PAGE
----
What We're Seemingly Embarassed Of

It’s a refrain I hear often from Christians my age, and it goes something like this: “Yeah, I’m a Christian, but I’m not that kind of Christian.”

The that in the sentence can refer to an abnormally large amount of items. In the last few years, it seems to have a lot to do with cultural realities. You know, that kind of Christian—the one who doesn’t peruse around the coolest blogs or podcast, the one who enjoys early 2000’s contemporary Christian music, or isn’t up to date on the latest satire filled comedy show.

It seems as if young, millennial Christians today have to meet a kind of embarrassment quota of different items in Christian sub-culture in fear that they might not be accepted by those “less weird” Christians.

What We Should Be Embarassed Of

Now, I get it. As someone who didn’t grow up in the church and is now submersed in the Christian culture, there is a lot that looks strange to those on the outside and to a growing number of those on the inside. We use strange words, listen to strange music, give strange side-hugs, and for the most part are really strange. This article isn’t written with the intention of getting you to think that Christian sub-culture isn’t weird – because it most assuredly is and I hope a lot of it dies of rather quickly.

Instead, it’s written as a hopeful warning and correction.

The warning comes as a warning that for all of our efforts of distancing ourselves with old and outdated Christianity and the current Christians we’re embarrassed of, we oftentimes come across much more pretentious than we think we do. I’m also scared of the fact that it appears some of us find a sort of quasi-self-justification by not being on the socially abnormal side of Christianity.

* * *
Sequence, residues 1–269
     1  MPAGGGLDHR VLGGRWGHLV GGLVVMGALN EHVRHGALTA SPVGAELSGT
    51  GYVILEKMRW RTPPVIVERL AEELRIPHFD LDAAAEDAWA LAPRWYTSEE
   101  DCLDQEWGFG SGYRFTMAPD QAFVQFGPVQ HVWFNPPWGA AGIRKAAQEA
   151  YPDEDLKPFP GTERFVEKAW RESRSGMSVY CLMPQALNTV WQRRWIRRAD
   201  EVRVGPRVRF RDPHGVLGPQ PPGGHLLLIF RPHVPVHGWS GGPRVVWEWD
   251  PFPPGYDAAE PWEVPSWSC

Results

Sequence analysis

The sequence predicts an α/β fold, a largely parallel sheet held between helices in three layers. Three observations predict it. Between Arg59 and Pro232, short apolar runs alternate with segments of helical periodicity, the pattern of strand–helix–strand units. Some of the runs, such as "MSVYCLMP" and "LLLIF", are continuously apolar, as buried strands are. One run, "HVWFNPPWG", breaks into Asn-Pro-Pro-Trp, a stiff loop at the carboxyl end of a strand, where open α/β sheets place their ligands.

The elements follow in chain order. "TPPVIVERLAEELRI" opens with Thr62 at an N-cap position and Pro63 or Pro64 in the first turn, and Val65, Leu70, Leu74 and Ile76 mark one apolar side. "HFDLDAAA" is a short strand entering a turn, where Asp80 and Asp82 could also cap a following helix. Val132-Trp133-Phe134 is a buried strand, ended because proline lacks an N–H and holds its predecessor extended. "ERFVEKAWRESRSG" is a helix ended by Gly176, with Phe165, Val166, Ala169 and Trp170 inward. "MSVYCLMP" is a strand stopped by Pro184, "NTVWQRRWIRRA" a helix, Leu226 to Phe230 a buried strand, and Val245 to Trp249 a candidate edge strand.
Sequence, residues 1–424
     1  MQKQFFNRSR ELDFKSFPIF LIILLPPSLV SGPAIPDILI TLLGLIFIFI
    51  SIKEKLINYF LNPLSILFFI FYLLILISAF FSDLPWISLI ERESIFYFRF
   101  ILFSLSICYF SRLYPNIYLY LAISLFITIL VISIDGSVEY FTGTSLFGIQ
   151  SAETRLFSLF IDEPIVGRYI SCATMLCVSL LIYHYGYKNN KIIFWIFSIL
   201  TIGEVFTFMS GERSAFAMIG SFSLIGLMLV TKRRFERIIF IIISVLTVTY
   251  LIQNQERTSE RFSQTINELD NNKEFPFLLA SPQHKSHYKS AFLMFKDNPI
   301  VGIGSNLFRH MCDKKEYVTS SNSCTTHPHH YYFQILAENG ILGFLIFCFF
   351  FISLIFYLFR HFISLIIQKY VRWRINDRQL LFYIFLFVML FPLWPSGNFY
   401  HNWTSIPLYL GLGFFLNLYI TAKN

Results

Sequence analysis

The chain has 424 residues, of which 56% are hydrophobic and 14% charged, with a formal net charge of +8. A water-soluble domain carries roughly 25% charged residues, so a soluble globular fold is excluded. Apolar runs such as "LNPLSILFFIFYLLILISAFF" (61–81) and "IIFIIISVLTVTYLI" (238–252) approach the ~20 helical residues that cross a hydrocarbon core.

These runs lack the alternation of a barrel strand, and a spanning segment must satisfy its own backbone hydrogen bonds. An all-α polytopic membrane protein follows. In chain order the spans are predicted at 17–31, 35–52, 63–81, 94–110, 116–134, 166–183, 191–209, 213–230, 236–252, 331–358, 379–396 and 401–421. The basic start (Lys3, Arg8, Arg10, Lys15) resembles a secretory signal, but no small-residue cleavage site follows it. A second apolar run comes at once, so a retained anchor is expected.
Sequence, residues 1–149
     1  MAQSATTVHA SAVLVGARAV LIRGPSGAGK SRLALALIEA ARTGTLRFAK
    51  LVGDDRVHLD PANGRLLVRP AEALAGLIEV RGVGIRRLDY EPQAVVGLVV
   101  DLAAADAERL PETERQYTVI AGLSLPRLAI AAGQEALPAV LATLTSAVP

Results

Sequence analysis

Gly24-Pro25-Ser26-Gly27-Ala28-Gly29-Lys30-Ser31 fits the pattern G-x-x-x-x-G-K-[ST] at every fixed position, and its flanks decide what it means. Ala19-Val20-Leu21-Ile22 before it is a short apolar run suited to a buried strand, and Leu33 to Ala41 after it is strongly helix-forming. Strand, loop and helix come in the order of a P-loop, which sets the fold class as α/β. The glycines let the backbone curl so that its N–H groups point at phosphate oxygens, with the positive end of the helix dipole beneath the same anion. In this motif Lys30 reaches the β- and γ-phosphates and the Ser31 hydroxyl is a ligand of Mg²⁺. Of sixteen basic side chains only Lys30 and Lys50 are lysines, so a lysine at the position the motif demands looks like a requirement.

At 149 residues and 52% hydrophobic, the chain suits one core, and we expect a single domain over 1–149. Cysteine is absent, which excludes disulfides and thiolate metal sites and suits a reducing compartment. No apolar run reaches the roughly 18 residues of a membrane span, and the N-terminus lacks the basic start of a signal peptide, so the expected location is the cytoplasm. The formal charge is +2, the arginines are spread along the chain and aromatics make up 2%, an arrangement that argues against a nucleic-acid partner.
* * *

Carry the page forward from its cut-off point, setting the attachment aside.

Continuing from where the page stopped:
The correction comes as a hopeful replacement and reshifting of embarrassment. What I mean is that, in today’s church, it seems as if we are embarrassed of the wrong things.

Instead of being embarrassed about the untalented, four-chord, cheesy-lyric, Christian song that will somehow get a ten year shelf life, we should be embarrassed that for hundreds of years Christianity and the Scriptures were used to perpetrate systemic racism and the fact that there are an absurd amount of Christians who are convinced that this is no longer an issue today.

Instead of being embarrassed of that friend who wants to awkwardly tell the waitress who couldn’t be less interested about Jesus, let’s be embarrassed that when many non-believers think of Christ, they think of judgmental sticklers who make it seem like rules and regulations are the backbone of the Christian faith.

Let’s be embarrassed that, for many Christians, the idea of enjoying your faith is a foreign concept and the idea of God as the wellspring of all pleasure is an uncomfortable thing to think of.

Let’s be embarrassed at the misuse of the word "faith" to promote a detrimental form of anti-intellectualism in the church.

Let’s be embarrassed that the gospel is so easily replaced with self-help, prosperity garbage that we’ve exported to other countries.

These things, and many more like them, are worth being embarrassed of, not our outdated, silly sub-cultures. If we would spend half as much time dreaming of ways to repent of these actual embarrassments and pursue reconciliation as we spend dreaming of new ways to sarcastically make fun of Christian sub-culture, then people might start to see the Church as a refuge for weary souls as opposed to an unwanted tag-along. 

In all our embarassments, remember one thing.

Again, one doesn’t have to look far or deep in the church today to find a numerous amounts of reasons to be embarrassed. Yet in our embarrassment, let’s remember one thing: these embarrassing people happen to be Jesus’ bride.

It seems as if we as Christians don’t think that the devil does his job very well, for maybe our sarcastic words and mocking finger pointing comes out of the idea that he’s not a skilled enough accuser.

Christians, the church doesn’t need another accuser. The Church needs men and women who love the bride of Jesus. As he set his face to give his life for her, we set ours to seeing her thrive. She belongs to him. His torn flesh and spilt blood was for the embarrassing—those like you and me.